Thursday, April 24, 2014

News
Security flaw allows snoopers to access locked iPhones
by Chris Patterson


(CNN) -- The passwords on iPhones can be hacked, giving someone the ability to make calls, listen to your recent messages and tinker with your contact list, according to a new video posted to YouTube.

The apparent security flaw is shown on an iPhone 5 and can be exploited on phones running Apple's iOS 6.1, the most recent version of its mobile operating system, and some earlier versions.

The technique was posted by a Spanish-speaking user with the account name "videosdebarraquito," who has posted other videos that show what appear to be ways to tweak settings on the iPhone. CNN is not linking to the video, which was published January 31 but recently discovered by tech bloggers.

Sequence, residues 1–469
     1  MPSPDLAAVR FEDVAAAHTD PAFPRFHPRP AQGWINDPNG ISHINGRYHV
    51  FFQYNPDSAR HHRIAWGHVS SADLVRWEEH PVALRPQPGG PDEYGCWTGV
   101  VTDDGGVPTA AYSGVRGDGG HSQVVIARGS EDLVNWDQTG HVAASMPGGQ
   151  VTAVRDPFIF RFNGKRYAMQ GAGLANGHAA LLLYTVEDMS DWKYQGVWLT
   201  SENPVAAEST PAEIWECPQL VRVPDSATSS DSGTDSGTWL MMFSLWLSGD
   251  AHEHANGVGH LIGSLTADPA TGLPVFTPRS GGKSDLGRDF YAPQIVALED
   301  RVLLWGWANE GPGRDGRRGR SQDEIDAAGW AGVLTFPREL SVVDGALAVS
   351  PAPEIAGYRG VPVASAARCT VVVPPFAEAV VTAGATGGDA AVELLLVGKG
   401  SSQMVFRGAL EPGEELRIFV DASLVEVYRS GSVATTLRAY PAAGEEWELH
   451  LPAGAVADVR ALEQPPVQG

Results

It involves using another phone placed nearby to make a call to the phone, canceling it, then answering with the targeted phone and fiddling with the power button.

According to the user who posted the video, it can't be used to access other parts of the phone. And he urged anyone who used it to play nice.

Use the bypass "to joke with your friends. To do a magic show. To win a harmless´╗┐ bet among friends in a PUB. Perhaps, to retrieve a phone number in case you don't remember the password, or just to be warned that exists," the user wrote.

"Use it as you want, at your own risk, but... please... use responsibly, do not use this trick to do evil !!!"

Apple did not immediately respond to a request for comment Thursday morning.

The folks at tech blog The Verge tried out the technique, and said they were also able to access photos on the phone by attempting to add a photo to a contact. They were able to access an iPhone 5 that was running iOS 6.1 in the UK, they said.

Similar bugs have been pointed out in previous versions of Apple's mobile operating system. Usually, the company issues a quick update to fix the problem.